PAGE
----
How Unions Help Build the American Dream
September 25th, 2012 | Mike Hall
Both Democrats and Republicans stress that the ability for people to move up the economic ladder to build better lives is at the heart of the American Dream. But new data from the Pew Center on the States pits the Republican tenet on economic mobility against another deeply held Republican belief that unions are a heavy and evil anchor on the economy that must be cut away.
Where there is a strong union movement, there is more economic mobility. If unions are strengthened, upward mobility will increase.
Six of the eight most mobile states have high unionization rates—Connecticut, Rhode Island, New Jersey, Utah, Massachusetts, Colorado and Maryland—and all but 1 of the 10 least mobile states—South Carolina, North Carolina, Mississippi, Arkansas, Tennessee, Alabama, Louisiana, West Virginia, Georgia and Oklahoma—have low unionization rates and laws that discourage unionization.
The 10 states with the highest unionization rates—New York, Hawaii, Michigan, New Jersey, Washington, Minnesota, Illinois, Ohio, Wisconsin and Oregon—perform considerably better on a range of measures of mobility than the 10 states with the lowest levels of unionization.
What’s the connection between unions and greater opportunity for people to move up? Midland and Bunker outline several reasons:
First, unions help workers negotiate for higher and rising wages. Labor unions are particularly effective at boosting the wages and mobility of young, immigrant, low-wage and African American workers. Unions also push for increased job training and career ladders, which both help boost mobility over a lifetime.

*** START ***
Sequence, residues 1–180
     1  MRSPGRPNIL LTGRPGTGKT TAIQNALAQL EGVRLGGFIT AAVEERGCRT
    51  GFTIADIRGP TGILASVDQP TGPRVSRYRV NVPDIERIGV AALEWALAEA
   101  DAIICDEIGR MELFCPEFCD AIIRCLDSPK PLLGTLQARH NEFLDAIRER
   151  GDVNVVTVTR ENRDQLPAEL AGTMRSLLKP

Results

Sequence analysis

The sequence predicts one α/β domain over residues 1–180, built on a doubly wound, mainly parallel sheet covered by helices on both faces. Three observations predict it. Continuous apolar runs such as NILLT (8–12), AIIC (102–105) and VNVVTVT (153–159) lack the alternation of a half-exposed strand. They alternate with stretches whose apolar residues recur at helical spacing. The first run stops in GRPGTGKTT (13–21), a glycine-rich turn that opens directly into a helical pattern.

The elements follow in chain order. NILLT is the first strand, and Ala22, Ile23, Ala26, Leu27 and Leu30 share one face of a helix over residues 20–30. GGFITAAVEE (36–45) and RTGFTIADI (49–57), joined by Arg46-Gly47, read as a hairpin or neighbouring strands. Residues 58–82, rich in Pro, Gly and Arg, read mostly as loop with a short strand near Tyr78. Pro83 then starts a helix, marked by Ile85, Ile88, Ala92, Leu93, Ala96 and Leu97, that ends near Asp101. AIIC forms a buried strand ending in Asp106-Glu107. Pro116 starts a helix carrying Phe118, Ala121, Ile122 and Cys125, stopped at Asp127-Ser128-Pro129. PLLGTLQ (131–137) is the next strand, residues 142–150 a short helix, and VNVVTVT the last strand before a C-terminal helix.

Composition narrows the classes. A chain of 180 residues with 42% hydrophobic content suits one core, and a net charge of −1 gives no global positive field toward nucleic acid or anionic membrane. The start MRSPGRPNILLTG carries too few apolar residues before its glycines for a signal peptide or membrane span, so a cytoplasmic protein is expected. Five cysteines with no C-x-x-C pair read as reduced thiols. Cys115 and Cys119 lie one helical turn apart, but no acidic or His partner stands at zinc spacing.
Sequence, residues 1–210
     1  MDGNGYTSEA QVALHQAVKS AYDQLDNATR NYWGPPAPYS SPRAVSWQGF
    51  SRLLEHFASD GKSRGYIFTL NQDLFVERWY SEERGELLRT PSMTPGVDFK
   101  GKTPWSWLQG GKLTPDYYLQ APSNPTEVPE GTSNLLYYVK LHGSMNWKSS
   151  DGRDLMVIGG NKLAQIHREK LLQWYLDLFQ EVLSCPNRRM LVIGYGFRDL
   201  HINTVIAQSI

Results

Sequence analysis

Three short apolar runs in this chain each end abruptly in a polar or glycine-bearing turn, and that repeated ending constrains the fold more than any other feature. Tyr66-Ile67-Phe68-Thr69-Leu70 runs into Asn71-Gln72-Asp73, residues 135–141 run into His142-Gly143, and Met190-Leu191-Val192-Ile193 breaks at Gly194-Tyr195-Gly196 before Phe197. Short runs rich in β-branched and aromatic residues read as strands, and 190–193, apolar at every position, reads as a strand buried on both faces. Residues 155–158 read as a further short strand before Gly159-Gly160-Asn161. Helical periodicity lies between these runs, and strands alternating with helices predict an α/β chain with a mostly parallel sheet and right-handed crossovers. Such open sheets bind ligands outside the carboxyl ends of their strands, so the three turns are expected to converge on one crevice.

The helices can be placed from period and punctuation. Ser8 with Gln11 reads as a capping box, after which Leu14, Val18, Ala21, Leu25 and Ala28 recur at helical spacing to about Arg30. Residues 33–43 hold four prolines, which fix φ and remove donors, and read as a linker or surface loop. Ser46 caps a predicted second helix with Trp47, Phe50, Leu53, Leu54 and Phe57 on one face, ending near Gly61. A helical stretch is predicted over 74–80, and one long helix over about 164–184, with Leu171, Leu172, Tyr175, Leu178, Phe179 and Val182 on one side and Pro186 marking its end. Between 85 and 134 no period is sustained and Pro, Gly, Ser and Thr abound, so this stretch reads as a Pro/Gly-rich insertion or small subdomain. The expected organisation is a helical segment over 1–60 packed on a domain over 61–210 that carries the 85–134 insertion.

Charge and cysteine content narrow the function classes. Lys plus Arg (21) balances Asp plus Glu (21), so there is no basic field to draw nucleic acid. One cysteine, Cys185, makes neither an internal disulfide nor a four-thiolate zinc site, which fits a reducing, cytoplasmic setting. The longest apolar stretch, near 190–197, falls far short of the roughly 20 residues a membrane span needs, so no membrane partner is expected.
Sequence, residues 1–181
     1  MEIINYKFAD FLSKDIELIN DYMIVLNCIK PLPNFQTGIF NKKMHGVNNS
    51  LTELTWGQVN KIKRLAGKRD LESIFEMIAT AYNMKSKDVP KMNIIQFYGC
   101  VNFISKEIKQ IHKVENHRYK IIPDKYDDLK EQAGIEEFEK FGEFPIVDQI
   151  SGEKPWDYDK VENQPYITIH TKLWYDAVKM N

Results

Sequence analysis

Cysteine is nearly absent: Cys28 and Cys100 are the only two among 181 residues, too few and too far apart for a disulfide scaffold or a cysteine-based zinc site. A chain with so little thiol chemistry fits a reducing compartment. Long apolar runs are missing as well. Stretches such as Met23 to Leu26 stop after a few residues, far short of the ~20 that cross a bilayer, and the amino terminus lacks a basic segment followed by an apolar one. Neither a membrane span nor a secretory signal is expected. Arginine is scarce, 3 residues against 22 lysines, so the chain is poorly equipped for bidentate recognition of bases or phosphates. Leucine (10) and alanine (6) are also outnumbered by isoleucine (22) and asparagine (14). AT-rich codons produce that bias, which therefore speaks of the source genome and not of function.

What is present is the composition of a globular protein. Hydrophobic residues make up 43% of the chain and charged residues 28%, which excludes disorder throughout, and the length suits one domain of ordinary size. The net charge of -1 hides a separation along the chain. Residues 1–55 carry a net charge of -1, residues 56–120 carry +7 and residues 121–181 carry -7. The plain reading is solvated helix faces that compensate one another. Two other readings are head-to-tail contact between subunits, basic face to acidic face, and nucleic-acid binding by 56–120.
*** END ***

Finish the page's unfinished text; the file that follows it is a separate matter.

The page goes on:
It’s not just in the workplace where there is a union advantage. Labor unions, they note, help get ordinary citizens involved in politics to advocate for public policies that help boost mobility such as the minimum wage and investments in education. States with higher levels of unionization have more generous social safety nets that lift workers up, as well as cushion blows.
Mitt Romney’s plan to boost economic mobility and build a wider path to the middle class centers on cutting taxes for the wealthy—who have long passed through the middle class on their way to gated communities and private islands. But, say Madland and Bunker, the tight connection to unionization and upward mobility shows:
Policymakers that are concerned about boosting mobility and strengthening the middle class should add increasing the strength of organized labor to their list of policy solutions.
This blog originally appeared in AFL-CIO on September 20, 2012. Reprinted with permission.
About The Author: Mike Hall is a former West Virginia newspaper reporter, staff writer for the United Mine Workers Journal and managing editor of the Seafarers Log. He came to the AFL- CIO in 1989 and have written for several federation publications, focusing on legislation and politics, especially grassroots mobilization and workplace safety.